October 13, 2016

Faculty Senate approved curriculum changes will affect many departments effective 2017

Cleveland State University Faculty Senate approved changes to the curriculum for political Science, communication, women’s studies minor and approved of a new undergraduate certificate in historic preservation at their October 5 meeting.

The political science bachelor’s degree will delete PSC 318: The Presidency and Congress, and will replace the class with two new courses.

The new courses will be PSC 316: American Presidency and PSC 320: Congress and the Legislative Process. The old class was a four credit hour class and the two new classes will be three credit hour classes.

Faculty Senate approved changes to the Communication program that will help aid the 4-3 credit hour conversion and provide consistency in the graduation requirements across the four programs.  The same changes were approved to the Accelerated 4+1 program, a program that allows students to earn a bachelor’s degree and a master’s degree in five years.

The Women’s Studies minor will change WST 151: Intro to Women’s and Gender Studies, from an elective to a required course and will now offer ANT 224, Sex, Gender and Culture as an elective course.

President Ronald Berkman spoke at the meeting and confirmed that Cleveland State is addressing the elevator problems in Rhodes Tower and the university will consider moving classes from Rhodes tower to different parts of campus.

Dr. Jianping Zhu, provost and senior vice president of Academic Affairs informed the senate that the search for new deans of business, law and graduate studies are still continuing. The business school has a committiee formed, while the law and graduate studies are still looking for members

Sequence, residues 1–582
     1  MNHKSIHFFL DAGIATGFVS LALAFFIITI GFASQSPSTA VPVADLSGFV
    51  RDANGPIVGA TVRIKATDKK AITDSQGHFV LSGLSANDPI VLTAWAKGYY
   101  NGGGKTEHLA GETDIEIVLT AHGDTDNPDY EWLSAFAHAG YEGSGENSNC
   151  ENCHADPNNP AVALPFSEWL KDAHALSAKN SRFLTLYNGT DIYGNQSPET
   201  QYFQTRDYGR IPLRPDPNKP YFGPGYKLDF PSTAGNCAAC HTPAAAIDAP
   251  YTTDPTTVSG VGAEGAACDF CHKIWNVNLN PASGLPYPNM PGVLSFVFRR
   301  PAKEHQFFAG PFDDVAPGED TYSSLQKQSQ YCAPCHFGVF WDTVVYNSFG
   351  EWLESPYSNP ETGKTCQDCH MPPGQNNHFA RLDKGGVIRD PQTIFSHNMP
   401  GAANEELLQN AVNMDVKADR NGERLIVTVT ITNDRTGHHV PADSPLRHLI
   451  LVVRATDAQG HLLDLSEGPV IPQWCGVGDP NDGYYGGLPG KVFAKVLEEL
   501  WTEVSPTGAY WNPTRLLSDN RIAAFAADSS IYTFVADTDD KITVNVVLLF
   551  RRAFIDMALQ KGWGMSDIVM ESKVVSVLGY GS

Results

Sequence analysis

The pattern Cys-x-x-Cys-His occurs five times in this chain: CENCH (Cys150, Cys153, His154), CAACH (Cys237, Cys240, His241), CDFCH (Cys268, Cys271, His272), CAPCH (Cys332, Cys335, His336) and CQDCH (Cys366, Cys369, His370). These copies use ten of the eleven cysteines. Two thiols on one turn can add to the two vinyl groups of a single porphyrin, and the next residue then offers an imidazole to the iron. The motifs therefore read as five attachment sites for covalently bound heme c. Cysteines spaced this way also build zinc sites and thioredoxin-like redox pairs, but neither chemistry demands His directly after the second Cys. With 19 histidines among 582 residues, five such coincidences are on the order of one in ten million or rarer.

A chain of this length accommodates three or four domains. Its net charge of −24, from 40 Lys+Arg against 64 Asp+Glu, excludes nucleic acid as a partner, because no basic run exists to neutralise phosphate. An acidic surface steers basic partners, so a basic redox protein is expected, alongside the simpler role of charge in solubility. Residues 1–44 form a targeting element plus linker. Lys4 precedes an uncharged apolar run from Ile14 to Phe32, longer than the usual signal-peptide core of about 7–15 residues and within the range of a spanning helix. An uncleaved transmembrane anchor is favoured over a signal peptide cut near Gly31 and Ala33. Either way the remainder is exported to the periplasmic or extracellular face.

The meeting also featured a presentation by Peter Meiksins, Vice Provost for Academic Programs, about what Cleveland State can do to help retain first-year students. The presentation focused on what faculty can do to help first-year students become comfortable with the university and how the use of Starfish has benefited the students by identifying academic troubles early enough to be solved.

Meiksins proposed that the faculty should look into having tenured members teach the entry level classes, so the students would feel more of an attatchment to the university in their first year feel more comfortable with the faculty. 


Faculty Senate approved curriculum changes will affect many departments effective 2017

Black Studies hosts Black Votes Matter discussiom

CSU's President Berkman holds first 'editorial board meeting'

President Berkman addresses financial concerns

'City is Our Campus' now more accessible for CSU students

Commuter biking undervalued on campus

'Pink Gloves' classes now at Rec Center

GoBabyGo workshop helps disabled children

Women's Center assists student parents


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